Even defining “video” for Amazon is probably the most confusing of the Big Tech firms. Google is primarily focused on Youtube (though it also owns Google Play and Youtube TV), Netflix is only Netflix, Facebook has Facebook Watch (though it also owns Instagram videos), and Apple only has Apple TV, TV+…okay it’s confusing for all the tech companies except Netflix.

But Amazon makes an art of how many different investments in video they have: 

– Amazon makes its own content via Amazon Studios.
– It distributes this via Prime Video, while also licensing a huge content library content.
– Folks can upload their own videos to Prime Video using Prime Video Direct.
– Amazon also sells movies from all the studios to rent or buy. (This was actually Amazon’s first digital video business.)
– Further, Amazon also sells other streaming services via its Amazon Channels business.
– On top of it all, it sells devices that can be used to stream, the Fire TV and stick.
– Lastly, Amazon has other investments in video including Twitch, IMDb TV and Amazon Live. 

And honestly, if you told me there were five more businesses I missed I’d believe you. That list also leaves out music, podcasts, Alexa and video games. That’s a lot of stacked up invisible boxes.

If we can’t say if the investment was good or bad, what can we say? That there were good arguments on both sides.

So is All of Amazon’s Video Investment a Loss Leader or Loss Loser?

I don’t know. Without the inputs and outputs, it’s all guess work. But the alternatives–relying on the CEO interviews, stock price, vague assertions of flywheels and loss leaders –just aren’t very informative.

Instead of providing a definitive answer, I’ll provide both sides. Consider this both the prosecution and defense arguments around Amazon Video broadly, though I’ll center it around “Prime Video”, which is still probably the most well known investment.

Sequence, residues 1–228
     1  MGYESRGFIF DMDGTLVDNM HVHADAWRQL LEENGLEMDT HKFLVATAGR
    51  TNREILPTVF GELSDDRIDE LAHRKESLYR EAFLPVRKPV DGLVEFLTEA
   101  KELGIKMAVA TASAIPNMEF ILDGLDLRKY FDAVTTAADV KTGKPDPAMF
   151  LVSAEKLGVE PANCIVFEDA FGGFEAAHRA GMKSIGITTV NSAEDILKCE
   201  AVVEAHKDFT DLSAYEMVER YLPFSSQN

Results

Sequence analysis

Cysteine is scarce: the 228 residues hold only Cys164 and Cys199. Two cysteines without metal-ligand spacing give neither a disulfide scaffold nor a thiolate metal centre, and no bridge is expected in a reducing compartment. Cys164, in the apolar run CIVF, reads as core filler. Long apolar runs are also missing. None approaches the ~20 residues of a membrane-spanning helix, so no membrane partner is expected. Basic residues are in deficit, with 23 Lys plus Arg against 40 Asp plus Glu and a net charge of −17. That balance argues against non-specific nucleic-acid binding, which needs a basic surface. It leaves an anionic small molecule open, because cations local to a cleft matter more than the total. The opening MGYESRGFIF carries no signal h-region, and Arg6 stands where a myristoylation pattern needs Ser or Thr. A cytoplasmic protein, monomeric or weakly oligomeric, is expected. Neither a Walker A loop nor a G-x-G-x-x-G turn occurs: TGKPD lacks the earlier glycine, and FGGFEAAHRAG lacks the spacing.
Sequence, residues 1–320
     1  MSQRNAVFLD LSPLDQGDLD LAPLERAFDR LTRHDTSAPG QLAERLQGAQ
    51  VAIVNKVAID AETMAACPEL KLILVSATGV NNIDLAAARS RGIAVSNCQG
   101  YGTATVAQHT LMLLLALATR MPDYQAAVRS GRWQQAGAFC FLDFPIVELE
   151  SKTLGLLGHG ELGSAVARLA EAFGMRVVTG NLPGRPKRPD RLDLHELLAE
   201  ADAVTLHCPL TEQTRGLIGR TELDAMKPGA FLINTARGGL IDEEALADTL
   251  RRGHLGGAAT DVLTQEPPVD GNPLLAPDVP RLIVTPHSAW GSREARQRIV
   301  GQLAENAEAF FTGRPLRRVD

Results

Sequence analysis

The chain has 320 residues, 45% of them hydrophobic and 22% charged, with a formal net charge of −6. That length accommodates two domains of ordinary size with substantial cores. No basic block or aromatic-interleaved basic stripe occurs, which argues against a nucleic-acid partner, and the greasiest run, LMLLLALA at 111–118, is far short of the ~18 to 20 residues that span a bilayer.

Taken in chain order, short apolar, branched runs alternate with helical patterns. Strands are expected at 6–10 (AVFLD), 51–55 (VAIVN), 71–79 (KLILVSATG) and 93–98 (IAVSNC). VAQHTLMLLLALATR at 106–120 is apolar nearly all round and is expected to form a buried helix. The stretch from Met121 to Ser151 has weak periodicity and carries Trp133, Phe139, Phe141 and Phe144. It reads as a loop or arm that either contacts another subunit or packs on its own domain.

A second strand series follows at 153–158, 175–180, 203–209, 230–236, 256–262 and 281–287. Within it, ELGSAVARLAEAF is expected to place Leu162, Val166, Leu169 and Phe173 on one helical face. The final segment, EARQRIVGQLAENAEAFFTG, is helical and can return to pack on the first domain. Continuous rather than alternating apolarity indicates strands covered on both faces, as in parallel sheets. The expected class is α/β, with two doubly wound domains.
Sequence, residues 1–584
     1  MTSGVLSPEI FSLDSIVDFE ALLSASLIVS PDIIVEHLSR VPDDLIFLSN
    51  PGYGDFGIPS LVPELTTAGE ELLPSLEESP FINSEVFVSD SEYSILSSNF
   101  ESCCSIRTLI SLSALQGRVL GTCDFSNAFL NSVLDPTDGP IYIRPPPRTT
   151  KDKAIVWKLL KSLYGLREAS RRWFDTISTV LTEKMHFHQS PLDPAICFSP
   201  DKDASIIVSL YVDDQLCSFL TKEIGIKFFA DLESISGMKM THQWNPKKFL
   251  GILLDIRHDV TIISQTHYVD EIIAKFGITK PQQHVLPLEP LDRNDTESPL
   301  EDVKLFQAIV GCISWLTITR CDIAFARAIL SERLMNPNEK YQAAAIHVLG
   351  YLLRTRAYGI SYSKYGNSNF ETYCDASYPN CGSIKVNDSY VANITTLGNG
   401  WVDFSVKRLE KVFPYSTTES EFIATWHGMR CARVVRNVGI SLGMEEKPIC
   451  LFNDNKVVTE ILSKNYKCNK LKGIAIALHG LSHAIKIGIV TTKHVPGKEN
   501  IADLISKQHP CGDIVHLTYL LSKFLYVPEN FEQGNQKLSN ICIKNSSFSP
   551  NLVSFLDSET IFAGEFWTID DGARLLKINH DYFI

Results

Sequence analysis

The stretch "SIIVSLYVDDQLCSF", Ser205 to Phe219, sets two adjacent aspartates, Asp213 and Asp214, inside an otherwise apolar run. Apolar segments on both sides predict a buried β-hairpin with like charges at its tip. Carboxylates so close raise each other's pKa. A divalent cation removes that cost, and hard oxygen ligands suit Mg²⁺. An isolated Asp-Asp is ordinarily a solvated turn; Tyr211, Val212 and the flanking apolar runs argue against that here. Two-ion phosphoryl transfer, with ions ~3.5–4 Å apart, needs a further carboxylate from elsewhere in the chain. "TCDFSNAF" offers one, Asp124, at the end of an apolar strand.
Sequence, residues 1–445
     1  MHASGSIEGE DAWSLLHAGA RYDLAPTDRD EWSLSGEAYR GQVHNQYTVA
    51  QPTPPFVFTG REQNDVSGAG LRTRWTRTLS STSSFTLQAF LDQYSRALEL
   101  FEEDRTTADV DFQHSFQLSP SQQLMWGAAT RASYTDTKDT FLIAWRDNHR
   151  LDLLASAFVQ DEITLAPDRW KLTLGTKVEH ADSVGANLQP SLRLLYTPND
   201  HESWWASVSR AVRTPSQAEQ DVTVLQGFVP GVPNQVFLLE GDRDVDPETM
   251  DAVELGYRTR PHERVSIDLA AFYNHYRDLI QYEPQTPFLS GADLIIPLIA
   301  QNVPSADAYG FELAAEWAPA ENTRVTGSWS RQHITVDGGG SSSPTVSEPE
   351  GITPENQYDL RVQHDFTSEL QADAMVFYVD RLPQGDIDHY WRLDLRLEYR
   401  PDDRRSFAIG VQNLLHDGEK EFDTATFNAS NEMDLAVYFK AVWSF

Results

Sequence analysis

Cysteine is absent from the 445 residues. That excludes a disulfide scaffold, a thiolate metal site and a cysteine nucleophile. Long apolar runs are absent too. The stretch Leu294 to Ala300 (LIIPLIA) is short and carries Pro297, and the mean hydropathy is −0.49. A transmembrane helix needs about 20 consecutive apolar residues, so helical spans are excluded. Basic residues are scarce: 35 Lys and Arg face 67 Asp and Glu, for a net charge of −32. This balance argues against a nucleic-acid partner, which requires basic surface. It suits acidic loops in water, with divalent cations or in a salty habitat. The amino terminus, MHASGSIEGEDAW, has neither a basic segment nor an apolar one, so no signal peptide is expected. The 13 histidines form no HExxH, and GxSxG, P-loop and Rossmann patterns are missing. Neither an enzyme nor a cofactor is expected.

The Cases For Amazon’s Video Investment

The Customer Lifetime Value Math is Very Enticing. 

Given that Prime renews yearly, even a small increase in retention year-over-year can have huge impacts on the potential customer lifetime value of Prime. The best upside math for this comes from Scott Galloway. In his accounting, boosting Prime retention from 80% to 91%–based on some survey data–essentially results in $47 billion in market capitalization for Amazon…and that was pre-pandemic!

Galloway Flywheel

(Source: Scott Galloway Talk)

Now, I quibble with some of his math, but this is clearly the upside. If Prime Video–and the Channels ecosystem broadly–can lock folks in for a cost of a few billion per year, that’s worth it.

Prime Video enabled the Amazon Fire TV Ecosystem. 

Like flywheel, “ecosystem” is overused. But this is a true ecosystem! Amazon leveraged Amazon Video (selling movies/TV series) and Prime Video to launch the Fire TV system, which launched Amazon Channels. Now that they’ve built it, there is the question if it makes money on its own, since it is increasingly removed from additional retail sales, but they did build a valuable ecosystem.

Some analysts think the media/entertainment upside is even higher. 

For example, Laura Martin of Needham. Including advertising on Amazon–which I don’t count as entertainment, since it is the price of doing business on their retail platform–she puts it at $500 billion in value. In other words, Amazon likely spent a few billion dollars every year on content, but it built a $500 billion business, about 30% of their current value.

It seems like Amazon has been successful. 

If you care about awards, Amazon Studios has won with Manchester by the Sea, Transparent and The Marvelous Mrs. Maisel. And the trendline is good: The Boys is likely their biggest hit yet and Upload, Hanna and Hunters made the Nielsen top ten last year. Moreover, the Channels business may exceed them all as Amazon is likely the biggest seller of third party subscriptions, including Showtime, CBS-All Access and HBO/HBO-Max.

Moreover, Amazon hasn’t killed off its video investments yet.

Amazon isn’t innovative so much as adaptive. Or put uncharitably, they’re a copycat. Amazon doesn’t innovate, they let others do that, and then “fast follow” with a copycat product. Diapers dot com. Angie’s List dot com. Etsy dot com. Amazon has created clone businesses of them all. (Indeed, Prime Video is a Netflix clone, IMDb TV is a Pluto clone, and even Fire TV is a Roku/Chromecast clone.) Yet Amazon has axed many businesses if they don’t work. Video, though, has lasted. This would be circumstantial evidence that it must be doing well.

All of Big Tech is into video. 

More circumstantial evidence that video surely must be worth it. If it were a bad investment, why are Google, Facebook, Apple and Amazon all investing billions in it?

The upside in success is that Amazon would likely have built the oft searched for “moat” in digital video.